sp., a coccoid, unicellular, nitrogen-fixing and hydrogen-producing cyanobacterium, has been used in this study to biosynthesize customized gold nanoparticles under certain chemical conditions. The produced gold nanoparticles had a characteristic absorption band at 525–535 nm. Two types of gold nanoparticle, the purple and blue, were formed according to the chemical environment in which the cyanobacterium was grown. Dynamic light scattering was implemented to estimate the size of the purple and blue nanoparticles, which ranged from 80 ± 30 nm and 129 ± 40 nm in diameter, respectively. The highest scattering of laser light was recorded for the blue gold nanoparticles, which was possibly due to their larger size and higher concentration. The appearance of anodic and cathodic peaks in cyclic voltammetric scans of the blue gold nanoparticles reflected the oxidation into gold oxide, followed by the subsequent reduction into the nano metal state. The two produced forms of gold nanoparticles were used to treat isoproterenol-induced myocardial infarction in experimental rats. Both forms of nanoparticles ameliorated myocardial infarction injury, with a slight difference in their curative activity with the purple being more effective. Mechanisms that might explain the curative effect of these nanoparticles on the myocardial infarction were proposed. The morphological, physiological, and biochemical attributes of the Cyanothece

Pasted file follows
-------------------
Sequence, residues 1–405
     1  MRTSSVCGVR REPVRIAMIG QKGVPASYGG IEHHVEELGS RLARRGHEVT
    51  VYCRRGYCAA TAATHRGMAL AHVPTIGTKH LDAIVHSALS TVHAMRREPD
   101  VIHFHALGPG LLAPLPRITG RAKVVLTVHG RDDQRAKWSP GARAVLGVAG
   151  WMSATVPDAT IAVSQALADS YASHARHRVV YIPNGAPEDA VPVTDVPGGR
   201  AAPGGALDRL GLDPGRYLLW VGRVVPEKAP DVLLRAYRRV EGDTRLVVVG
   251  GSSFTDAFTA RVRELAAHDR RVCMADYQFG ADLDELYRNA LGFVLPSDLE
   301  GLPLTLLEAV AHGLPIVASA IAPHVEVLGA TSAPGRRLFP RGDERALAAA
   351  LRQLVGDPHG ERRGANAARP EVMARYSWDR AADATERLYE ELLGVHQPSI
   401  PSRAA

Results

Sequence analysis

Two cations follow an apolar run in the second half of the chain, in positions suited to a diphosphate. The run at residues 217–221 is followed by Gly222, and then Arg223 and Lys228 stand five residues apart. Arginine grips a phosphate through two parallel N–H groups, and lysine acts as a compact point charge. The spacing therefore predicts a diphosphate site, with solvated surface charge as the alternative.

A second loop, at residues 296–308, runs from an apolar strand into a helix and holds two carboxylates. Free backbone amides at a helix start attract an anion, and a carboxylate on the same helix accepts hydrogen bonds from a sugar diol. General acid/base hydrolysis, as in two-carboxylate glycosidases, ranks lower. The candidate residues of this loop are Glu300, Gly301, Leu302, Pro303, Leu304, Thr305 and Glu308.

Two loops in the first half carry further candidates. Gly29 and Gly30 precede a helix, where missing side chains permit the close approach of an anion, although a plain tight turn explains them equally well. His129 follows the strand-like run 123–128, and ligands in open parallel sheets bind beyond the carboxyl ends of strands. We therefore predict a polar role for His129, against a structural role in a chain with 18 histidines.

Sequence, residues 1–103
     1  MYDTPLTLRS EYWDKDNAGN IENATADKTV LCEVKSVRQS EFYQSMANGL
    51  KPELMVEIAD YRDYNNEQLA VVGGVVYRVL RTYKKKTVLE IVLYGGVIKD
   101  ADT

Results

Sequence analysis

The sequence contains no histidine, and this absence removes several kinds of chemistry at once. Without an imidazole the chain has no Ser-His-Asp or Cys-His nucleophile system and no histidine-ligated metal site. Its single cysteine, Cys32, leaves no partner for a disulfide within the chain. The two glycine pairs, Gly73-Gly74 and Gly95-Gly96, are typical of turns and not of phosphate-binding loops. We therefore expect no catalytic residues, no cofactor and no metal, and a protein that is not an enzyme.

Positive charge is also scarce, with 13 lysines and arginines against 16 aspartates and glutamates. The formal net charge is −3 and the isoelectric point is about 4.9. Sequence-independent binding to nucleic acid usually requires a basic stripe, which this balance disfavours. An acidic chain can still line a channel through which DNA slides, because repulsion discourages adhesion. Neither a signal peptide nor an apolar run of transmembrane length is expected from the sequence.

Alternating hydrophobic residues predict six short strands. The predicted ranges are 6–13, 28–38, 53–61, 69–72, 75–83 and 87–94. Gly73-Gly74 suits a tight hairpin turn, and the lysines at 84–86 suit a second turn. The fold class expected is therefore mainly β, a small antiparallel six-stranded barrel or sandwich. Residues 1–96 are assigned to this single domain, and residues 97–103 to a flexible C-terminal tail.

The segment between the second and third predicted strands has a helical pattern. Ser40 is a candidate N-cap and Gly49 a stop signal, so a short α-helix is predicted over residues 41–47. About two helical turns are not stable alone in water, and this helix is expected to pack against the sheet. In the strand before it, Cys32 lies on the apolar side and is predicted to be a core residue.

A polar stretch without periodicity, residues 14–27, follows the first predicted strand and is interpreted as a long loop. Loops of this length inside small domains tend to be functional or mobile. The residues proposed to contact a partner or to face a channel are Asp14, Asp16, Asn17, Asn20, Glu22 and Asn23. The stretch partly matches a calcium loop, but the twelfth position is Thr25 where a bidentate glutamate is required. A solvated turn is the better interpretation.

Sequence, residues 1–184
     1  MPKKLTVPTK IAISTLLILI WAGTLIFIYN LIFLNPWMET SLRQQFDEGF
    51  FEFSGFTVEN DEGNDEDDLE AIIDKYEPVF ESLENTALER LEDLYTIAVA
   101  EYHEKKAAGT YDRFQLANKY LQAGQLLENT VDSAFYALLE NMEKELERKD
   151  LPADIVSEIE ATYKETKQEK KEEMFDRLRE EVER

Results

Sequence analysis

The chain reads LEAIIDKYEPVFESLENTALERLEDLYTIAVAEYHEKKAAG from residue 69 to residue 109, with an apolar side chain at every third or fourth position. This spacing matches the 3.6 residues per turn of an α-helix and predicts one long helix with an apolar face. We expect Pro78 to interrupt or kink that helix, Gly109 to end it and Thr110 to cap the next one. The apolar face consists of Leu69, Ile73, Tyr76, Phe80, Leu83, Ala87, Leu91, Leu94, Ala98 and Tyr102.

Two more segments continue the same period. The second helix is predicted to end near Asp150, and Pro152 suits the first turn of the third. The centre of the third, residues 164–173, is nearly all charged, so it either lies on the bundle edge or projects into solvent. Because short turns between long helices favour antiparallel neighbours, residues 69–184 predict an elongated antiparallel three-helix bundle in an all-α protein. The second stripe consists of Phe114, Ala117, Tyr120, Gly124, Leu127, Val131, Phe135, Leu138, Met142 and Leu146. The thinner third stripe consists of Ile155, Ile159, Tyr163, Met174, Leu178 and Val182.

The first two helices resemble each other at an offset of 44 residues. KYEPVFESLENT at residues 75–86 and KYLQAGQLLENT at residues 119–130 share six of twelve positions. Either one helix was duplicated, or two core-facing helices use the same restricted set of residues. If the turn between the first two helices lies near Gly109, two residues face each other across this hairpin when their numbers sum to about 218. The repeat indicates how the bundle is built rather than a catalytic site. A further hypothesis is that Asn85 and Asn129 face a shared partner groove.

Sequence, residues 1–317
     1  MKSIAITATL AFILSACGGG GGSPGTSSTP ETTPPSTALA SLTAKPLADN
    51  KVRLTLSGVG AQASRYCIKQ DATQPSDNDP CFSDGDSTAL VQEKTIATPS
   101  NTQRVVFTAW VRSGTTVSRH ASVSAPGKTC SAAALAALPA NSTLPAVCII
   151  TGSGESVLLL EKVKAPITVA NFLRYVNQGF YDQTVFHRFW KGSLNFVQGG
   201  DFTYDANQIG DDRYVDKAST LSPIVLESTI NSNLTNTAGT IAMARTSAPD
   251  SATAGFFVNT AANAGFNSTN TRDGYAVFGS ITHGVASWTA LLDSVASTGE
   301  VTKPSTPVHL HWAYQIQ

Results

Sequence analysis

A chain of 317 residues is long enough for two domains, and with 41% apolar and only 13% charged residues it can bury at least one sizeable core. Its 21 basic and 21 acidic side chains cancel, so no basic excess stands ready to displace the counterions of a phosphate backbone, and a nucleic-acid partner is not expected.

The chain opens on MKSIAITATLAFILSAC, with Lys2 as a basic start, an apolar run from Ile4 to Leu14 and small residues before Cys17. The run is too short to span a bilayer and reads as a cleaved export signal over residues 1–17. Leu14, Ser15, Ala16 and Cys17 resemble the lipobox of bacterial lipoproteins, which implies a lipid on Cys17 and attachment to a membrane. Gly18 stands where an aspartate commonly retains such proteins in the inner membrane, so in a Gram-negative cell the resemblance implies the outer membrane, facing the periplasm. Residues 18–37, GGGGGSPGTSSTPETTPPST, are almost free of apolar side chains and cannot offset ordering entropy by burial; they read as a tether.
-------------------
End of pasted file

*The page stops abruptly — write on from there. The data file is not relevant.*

sp. cyanobacterium were fundamental for the successful production of “tailored” nanoparticles, and complemented the chemical conditions for the differential biosynthesis process. The present research represents a novel approach to manipulate cyanobacterial cells towards the production of different-sized gold nanoparticles whose curative impacts vary accordingly. This is the first report on that type of manipulated gold nanoparticles biosynthesis which will hopefully open doors for further investigations and biotechnological applications.
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